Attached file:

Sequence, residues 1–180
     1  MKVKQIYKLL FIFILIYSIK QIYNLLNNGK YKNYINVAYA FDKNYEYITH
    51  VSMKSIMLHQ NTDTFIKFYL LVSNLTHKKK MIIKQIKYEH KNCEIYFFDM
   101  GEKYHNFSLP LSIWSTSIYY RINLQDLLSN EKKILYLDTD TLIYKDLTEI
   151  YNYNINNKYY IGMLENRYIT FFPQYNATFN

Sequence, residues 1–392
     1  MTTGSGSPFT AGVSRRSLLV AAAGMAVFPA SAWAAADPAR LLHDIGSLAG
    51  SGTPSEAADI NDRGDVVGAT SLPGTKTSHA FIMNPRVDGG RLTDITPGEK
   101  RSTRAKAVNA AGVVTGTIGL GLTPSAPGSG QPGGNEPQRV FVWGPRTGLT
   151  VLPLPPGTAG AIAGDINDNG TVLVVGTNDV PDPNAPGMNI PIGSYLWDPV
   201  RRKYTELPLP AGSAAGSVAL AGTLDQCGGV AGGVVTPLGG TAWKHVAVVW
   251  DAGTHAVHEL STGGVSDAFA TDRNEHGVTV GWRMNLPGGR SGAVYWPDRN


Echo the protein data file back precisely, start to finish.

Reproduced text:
Sequence, residues 1–180
     1  MKVKQIYKLL FIFILIYSIK QIYNLLNNGK YKNYINVAYA FDKNYEYITH
    51  VSMKSIMLHQ NTDTFIKFYL LVSNLTHKKK MIIKQIKYEH KNCEIYFFDM
   101  GEKYHNFSLP LSIWSTSIYY RINLQDLLSN EKKILYLDTD TLIYKDLTEI
   151  YNYNINNKYY IGMLENRYIT FFPQYNATFN

Sequence, residues 1–392
     1  MTTGSGSPFT AGVSRRSLLV AAAGMAVFPA SAWAAADPAR LLHDIGSLAG
    51  SGTPSEAADI NDRGDVVGAT SLPGTKTSHA FIMNPRVDGG RLTDITPGEK
   101  RSTRAKAVNA AGVVTGTIGL GLTPSAPGSG QPGGNEPQRV FVWGPRTGLT
   151  VLPLPPGTAG AIAGDINDNG TVLVVGTNDV PDPNAPGMNI PIGSYLWDPV
   201  RRKYTELPLP AGSAAGSVAL AGTLDQCGGV AGGVVTPLGG TAWKHVAVVW
   251  DAGTHAVHEL STGGVSDAFA TDRNEHGVTV GWRMNLPGGR SGAVYWPDRN